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Verges. Nay, that's certain: we have the exhibition ; to examine.

Sexton. But which are the offenders that are to be examined ? Let them come before master constable.

Dogberry. Yea, marry, let them come before me. What is your name, friend ?

Borachio. Borachio.

Dogberry. Pray write down, Borachio. [The Sexton writes.] Yours, sirrah ?

Conrade. I am a gentleman, sir, and my name is Conrade.

15 Dogberry. Write down, master gentleman Conrade. Masters, do you serve God ?

Conrade, Borachio. Yea, sir, we hope.

Dogberry. Write down, that they hope they serve God : and write God first; for God defend but God 20 should go before such villains ! Masters, it is proved already that you are little better than false knaves; and it will go near to be thought so shortly. How answer you for yourselves ? Conrade. Marry, sir, we say we are none.

25 Dogberry. A marvellous witty fellow, I assure you ; but I will go about with him. He turns to Borachio.] Come you hither, sirrah ; a word in your ear, sir : [sinking his voice] I say to you, it is thought you are false knaves. Borachio. Sir, I say to you, we are none.

30 Dogberry. Well, stand aside. [To Verges.] 'Fore God, they are both in a tale. [To the Sexton.] Have you writ down, that they are none ?

Sexton. Master constable, you go not the way to examine : you must call forth the watch that are their 35 accusers.

Dogberry. Yea, marry, that's the eftest way. Let the watch come forth. (The First and Second Watchmen come forward.] Masters, I charge you in the Prince's name, accuse these men.

First Watch [pointing to Borachio). This man said, sir, that Don John, the Prince's brother, was a villain.

Dogberry. Write down, Prince John a villain. Why, this is flat perjury, to call a prince's brother villain. Borachio. Master constable,

45 Dogberry. Pray thee, fellow, peace : I do not like thy look, I promise thee.

40

say

Sexton. What heard

you

him else ? Second Watch. Marry, that he had received a thousand ducats of Don John for accusing the Lady Hero wrong- 50 fully.

Dogberry. Flat burglary as ever was committed.
Verges. Yea, by the mass, that it is.
Sexton. What else, fellow ?

First Watch. And that Count Claudio did mean, upon 55 his words, to disgrace Hero before the whole assembly, and not marry her.

Dogberry. O villain ! thou wilt be condemned into everlasting redemption for this. Sexton. What else ?

60 Second Watch. This is all.

Sexton. And this is more, masters, than you can deny. Prince John is this morning secretly stolen away: Hero was in this manner accused, in this very manner refused, and upon the grief of this suddenly died. Master constable, 65 let these men be bound, and brought to Leonato's; I will go before, and show him their examination. [Exit. Dogberry. Come, let them be opinioned.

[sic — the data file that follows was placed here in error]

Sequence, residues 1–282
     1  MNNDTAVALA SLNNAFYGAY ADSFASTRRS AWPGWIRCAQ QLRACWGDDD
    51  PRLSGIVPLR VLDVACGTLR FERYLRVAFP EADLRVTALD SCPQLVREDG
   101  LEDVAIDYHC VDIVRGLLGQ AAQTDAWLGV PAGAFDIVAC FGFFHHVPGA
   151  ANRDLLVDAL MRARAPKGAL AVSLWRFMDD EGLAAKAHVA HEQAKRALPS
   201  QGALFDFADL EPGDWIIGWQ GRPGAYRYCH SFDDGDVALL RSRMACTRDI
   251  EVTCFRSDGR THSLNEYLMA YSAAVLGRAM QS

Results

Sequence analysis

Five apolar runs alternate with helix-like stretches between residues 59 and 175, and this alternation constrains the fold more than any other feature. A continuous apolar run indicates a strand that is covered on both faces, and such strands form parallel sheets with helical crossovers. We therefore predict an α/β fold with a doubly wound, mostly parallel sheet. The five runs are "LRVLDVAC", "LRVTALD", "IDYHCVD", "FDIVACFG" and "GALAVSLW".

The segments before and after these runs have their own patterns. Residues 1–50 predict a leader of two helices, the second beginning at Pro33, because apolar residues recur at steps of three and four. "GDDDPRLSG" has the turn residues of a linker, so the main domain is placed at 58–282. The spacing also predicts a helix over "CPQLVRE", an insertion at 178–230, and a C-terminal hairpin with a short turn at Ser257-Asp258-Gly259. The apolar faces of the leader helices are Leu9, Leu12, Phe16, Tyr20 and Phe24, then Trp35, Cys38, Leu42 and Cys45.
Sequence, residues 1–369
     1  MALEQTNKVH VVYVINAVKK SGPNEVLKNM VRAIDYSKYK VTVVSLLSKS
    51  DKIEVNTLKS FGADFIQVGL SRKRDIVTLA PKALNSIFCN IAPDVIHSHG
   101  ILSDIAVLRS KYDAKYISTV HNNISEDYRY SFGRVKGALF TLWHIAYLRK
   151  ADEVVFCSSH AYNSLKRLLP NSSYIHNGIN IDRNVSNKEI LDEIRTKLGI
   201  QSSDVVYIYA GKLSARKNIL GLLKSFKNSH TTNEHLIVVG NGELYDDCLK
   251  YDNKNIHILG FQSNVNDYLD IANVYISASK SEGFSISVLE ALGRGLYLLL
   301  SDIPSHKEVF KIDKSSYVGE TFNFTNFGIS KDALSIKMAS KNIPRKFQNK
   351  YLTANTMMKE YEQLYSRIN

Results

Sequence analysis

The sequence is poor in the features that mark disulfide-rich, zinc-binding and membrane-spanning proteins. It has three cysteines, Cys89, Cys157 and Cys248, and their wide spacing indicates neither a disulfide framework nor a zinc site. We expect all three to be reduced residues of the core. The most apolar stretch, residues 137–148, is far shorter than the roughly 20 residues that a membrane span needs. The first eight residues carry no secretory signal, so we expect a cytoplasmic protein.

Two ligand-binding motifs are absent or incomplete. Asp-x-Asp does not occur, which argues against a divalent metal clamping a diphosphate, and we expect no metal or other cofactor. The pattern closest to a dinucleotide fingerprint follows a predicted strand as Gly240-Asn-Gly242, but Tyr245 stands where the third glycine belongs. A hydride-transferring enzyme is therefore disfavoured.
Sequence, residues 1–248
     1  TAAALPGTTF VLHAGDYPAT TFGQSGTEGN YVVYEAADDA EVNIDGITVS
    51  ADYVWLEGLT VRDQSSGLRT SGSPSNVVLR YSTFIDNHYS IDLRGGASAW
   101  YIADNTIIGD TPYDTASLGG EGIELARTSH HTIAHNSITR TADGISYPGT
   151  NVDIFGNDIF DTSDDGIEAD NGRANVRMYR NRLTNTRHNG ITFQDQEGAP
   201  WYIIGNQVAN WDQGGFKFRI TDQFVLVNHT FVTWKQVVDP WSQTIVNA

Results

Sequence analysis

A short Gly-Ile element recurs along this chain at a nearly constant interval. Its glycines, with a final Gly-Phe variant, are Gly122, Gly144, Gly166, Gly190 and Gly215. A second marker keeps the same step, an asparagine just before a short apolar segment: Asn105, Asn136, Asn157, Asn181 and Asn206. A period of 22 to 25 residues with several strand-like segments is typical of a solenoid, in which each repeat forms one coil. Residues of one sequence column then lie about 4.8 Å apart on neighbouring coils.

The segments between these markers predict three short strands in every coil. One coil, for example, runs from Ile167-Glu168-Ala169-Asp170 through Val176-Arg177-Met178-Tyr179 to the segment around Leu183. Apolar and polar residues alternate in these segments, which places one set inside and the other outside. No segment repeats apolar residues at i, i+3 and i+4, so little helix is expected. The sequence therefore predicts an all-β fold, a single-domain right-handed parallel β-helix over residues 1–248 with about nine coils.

[The Watch seize them. Conrade. Off, coxcomb !

Dogberry. God's my life! where's the sexton ? let 70 him write down, the Prince's officer, coxcomb. Come, bind them. [They are bound.] Thou naughty varlet !

Conrade. Away! you are an ass, you are an ass.

Dogberry. Dost thou not suspect my place ? Dost thou not suspect my years ? Oh, that he were here to write 75 me down an ass ! But, masters, remember that I am an ass; though it be not written down, yet forget not that I am an ass. No, thou villain, thou art full of piety, as shall be proved upon thee by good witness. I am a wise fellow; and, which is more, an officer; and, which 80 is more, a householder ; and, which is more, as pretty a piece of flesh as any in Messina ; and one that knows the law, go to ; and a rich fellow enough, go to ; and a fellow that hath had losses; and one that hath two gowns, and everything handsome about him. Bring him 85 away. Oh, that I had been writ down an ass ! [Exeunt.

XVIII. A VERY TRAGICAL

COMEDY

BY WILLIAM SHAKESPEARE

SCENE I. THE COMPANY. Peter Quince, a carpenter of Athens, proposes with the aid

of some other workmen to act an interlude at court on the night of Duke Theseus' wedding with Hippolyta, Queen of the Amazons. He calls his company together in his cottage, to assign the parts ; the other players are Nick Bottom, a weaver, Francis Flute, a bellows-mender, Robin Starveling, a tailor, Tom Snout, a tinker, and Snug, a joiner. Instead of playing something homely and comic which they could do very weil, he chooses (as such people usually do) a sentimental piece with a dash of

tragedy in it. Enter Quince, Snug, Bottom, Flute, Snout, and Starveling.

Quince. Is all our company here ?

Bottom. You were best to call them generally, man by man, according to the scrip.